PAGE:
Competing views

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Published: May 17, 2017 5:43:26 AM

There’s a need for clear demarcation of powers between the watchdog and its appellate body.

In other words, the relevant turnover is the entity’s turnover pertaining to products and services that have been affected by such contravention.

The Supreme Court has curbed the powers of the Competition Commission of India (CCI) by holding that penalty levied for cartelisation and price manipulation has to be calculated on the relevant product turnover and not on the ‘total turnover’ of companies, a decision contrary to that of the anti-trust body. In a batch of cases led by Excel Crop Care Ltd, a bench comprising justice AK Sikri and NV Ramana, in separate but concurring judgments, endorsed the Competition Appellate Tribunal’s (Compat) October 29, 2013 order, emphasising that in case of multi-product companies, only ‘relevant turnover’ of the product/service should be taken into consideration while imposing penalty.

“In other words, the relevant turnover is the entity’s turnover pertaining to products and services that have been affected by such contravention. While doing so, the authority should have regard to the entity’s audited financial statements. And where audited financial statements are not available, the Commission may consider any other reliable records reflecting the entity’s relevant turnover or estimate the relevant turnover based on available information,” Ramana said.

“No doubt the objective of the Competition Act, 2002 is to discourage and stop anti-competitive practices but the penalty cannot be disproportionate and it should not lead to shocking results,” Sikri said. If we adopt the criteria of the total turnover of a company by including within its sweep other products manufactured by the company, which were in no way connected with the anti-competitive activity, it would bring about shocking results not comprehended in a country governed by Rule of Law, the judge further added.

Ramana while taking a cue from foreign jurisprudence, said: “As the law abhors absolute power and arbitrary discretion, this discretion provided under Section 27 needs to be regulated and guided so that there are uniformity and stability with respect to the imposition of penalty. This discretion should be governed by rule of law and not by arbitrary, vague or fanciful considerations.” Under Section 27(b), a penalty of 10% of the turnover is prescribed as maximum with no provision for a minimum.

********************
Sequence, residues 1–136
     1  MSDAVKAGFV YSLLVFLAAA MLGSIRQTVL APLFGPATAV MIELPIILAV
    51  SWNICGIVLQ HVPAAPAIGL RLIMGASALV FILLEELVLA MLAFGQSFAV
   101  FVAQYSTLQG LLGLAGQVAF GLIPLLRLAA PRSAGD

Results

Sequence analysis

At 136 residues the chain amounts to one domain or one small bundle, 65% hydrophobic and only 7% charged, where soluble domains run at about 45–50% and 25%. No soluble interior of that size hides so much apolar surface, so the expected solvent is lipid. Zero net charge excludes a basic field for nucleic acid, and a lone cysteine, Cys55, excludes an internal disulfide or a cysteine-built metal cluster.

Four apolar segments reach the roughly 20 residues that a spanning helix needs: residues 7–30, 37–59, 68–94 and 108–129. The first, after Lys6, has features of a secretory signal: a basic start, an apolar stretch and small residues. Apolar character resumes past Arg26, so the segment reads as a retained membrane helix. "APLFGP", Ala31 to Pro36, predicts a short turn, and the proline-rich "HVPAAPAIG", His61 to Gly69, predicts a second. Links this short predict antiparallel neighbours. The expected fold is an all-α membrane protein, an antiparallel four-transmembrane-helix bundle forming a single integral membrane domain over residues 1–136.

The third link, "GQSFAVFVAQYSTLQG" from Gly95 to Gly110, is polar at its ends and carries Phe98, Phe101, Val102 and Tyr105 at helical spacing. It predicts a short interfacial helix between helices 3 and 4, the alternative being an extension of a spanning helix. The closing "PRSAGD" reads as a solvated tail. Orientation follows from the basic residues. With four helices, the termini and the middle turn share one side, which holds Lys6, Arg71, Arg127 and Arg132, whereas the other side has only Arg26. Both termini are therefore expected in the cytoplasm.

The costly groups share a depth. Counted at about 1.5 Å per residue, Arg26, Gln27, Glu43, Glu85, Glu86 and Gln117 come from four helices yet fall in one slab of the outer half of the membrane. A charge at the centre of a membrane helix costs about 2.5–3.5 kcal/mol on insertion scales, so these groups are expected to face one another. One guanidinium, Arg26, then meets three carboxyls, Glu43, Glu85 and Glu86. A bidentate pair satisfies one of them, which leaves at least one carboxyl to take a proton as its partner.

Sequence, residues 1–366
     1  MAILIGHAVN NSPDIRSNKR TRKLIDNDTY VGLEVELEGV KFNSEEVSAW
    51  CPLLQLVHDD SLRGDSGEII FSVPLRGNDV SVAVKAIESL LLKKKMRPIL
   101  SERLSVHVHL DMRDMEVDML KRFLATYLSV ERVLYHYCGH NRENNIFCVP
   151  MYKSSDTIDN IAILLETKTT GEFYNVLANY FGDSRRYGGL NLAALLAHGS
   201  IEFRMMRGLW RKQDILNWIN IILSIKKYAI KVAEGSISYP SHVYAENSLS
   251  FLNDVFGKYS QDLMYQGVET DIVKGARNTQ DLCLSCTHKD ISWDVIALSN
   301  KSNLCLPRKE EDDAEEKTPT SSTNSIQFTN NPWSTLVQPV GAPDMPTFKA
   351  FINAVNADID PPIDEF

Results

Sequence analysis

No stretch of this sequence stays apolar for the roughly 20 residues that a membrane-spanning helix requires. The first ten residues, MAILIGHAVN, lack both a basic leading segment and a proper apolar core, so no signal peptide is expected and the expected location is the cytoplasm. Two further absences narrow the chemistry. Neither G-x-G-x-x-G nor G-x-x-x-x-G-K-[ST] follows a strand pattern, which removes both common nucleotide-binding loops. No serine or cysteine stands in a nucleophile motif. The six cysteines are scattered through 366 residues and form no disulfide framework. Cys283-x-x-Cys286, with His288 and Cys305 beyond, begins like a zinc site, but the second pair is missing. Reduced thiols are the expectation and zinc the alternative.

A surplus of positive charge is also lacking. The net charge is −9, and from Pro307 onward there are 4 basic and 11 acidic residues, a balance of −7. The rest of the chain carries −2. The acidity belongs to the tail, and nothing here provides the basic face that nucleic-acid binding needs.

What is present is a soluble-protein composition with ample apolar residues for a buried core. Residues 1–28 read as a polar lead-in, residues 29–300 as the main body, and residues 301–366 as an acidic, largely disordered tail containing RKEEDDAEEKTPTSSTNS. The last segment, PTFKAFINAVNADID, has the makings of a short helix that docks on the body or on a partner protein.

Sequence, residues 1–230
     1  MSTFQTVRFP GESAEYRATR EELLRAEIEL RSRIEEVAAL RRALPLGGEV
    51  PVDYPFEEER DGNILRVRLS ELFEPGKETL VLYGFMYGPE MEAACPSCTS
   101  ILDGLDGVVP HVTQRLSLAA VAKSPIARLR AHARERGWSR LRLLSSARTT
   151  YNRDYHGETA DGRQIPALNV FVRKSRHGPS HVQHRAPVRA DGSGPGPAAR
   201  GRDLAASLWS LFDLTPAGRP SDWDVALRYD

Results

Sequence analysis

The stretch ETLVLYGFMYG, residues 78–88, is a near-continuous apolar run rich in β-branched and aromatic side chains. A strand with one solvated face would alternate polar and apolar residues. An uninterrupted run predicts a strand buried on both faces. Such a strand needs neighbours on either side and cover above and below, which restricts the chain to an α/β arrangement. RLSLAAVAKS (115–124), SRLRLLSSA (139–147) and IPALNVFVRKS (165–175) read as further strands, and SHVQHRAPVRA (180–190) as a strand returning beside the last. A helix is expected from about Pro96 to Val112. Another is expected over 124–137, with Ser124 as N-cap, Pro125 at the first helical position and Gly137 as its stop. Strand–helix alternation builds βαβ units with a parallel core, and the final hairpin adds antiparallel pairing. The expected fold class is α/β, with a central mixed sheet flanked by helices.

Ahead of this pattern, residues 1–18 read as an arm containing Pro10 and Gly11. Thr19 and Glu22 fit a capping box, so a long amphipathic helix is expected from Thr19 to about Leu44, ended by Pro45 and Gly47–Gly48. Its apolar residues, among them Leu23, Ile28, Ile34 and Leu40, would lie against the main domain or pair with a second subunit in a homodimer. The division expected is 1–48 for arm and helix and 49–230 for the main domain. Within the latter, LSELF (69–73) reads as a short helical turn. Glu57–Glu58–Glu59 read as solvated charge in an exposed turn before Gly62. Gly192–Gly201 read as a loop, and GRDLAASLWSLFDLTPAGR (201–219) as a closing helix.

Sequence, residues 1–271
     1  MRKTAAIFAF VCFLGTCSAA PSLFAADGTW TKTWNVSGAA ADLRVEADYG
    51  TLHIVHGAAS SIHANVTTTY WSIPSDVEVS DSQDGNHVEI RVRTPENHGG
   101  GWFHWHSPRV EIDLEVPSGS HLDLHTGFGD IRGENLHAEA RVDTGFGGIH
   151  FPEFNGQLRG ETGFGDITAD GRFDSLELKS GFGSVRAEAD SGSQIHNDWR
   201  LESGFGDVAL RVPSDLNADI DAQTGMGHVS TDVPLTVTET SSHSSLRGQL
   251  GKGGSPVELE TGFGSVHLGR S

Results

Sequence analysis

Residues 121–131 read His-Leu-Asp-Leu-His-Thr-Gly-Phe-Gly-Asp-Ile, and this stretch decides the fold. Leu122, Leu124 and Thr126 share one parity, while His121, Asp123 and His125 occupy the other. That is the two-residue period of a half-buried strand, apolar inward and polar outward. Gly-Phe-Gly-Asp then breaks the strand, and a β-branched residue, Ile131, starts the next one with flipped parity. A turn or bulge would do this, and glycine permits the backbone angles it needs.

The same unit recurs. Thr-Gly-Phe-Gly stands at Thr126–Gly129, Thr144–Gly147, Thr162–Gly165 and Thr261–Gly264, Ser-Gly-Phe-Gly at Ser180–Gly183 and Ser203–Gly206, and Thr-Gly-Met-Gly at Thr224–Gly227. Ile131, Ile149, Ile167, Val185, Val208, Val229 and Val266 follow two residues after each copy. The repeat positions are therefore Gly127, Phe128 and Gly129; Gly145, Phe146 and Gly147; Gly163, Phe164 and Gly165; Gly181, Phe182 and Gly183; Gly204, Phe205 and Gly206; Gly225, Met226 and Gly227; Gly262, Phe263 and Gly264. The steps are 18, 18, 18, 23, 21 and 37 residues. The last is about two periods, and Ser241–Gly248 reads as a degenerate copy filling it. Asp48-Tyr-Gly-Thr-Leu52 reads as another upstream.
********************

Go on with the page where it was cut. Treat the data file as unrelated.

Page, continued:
SC’s decision came on cross-appeals by CCI and the three agrochemical companies against the tribunal’s order that reduced the penalty it had imposed on Excel Crop, United Phosphorus and Sandhya Organic Chemicals, for an anti-competitive agreement that raised the cost of procurement of Aluminium Phosphide tablets by FCI. CCI had taken cognisance of the FCI’s 2011 complaint that alleged that four manufactures had formed a cartel by entering into an anti-competitive agreement amongst themselves. It said that they had been submitting their bids for last eight years by quoting identical rates in the FCI tenders for purchase of tablets used for preservation of grains that are given to consumers through PDS.

CCI in April 2012 held them guilty of the anti-competitive agreement and imposed penalty @ 9% on the average total turnover of these establishments for last three years. This amounted to Rs 63.9 crore on Excel, Rs `252.44 crore on United Phosphorus and Rs 1.57 crore on Sandhya Organic. Agrosynth Chemicals was exonerated. While Compat upheld the charge against the companies, it held that the competition regulator had wrongly calculated the penalties. Legal experts feel that the apex court’ decision will impact many other cases as various companies have questioned similar penalty imposed on them by CCI.

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“This landmark judgment has set a progressive precedent to govern the imposition of excessive penalty by the fining authority under the Competition Act,” according to SC Advocate-on-Record Mohit Paul. In the recent past, the anti-trust body has often found itself at the receiving end of the tribunal for many reasons. Various decisions of CCI have been set aside by the tribunal, primarily on grounds of failure to adhere to the principles of natural justice, they feel. This should be the guiding principle for CCI going ahead, according to competition law advocate Vaibhav Gaggar.

Even the tribunal has disapproved the CCI’s order by setting aside its prima facie decision ordering closure of the matter in a case of alleged abuse of dominant position and anti-competitive practices by Uber, as alleged by its rival Meru Travel Solutions. The case is pending in the Supreme Court. Experts are still debating the role of two statutory bodies. According to Anshuman Sakle, partner in the Competition Practice at Cyril Amarchand Mangaldas, the Compat is “steadily slipping into the CCI’s adjudicatory shoes.”

Others feel that the Act allows the appellate body to pass such orders. Some say that the power to direct an investigation lies solely with the CCI considering that the DG is the investigative arm of the CCI. While the clarity with regard to calculation of penalty under the 2002 law has emerged now, the SC should also decide the Uber case at the earliest so as to have a clear demarcation of powers between the competition watchdog and its appellate body.

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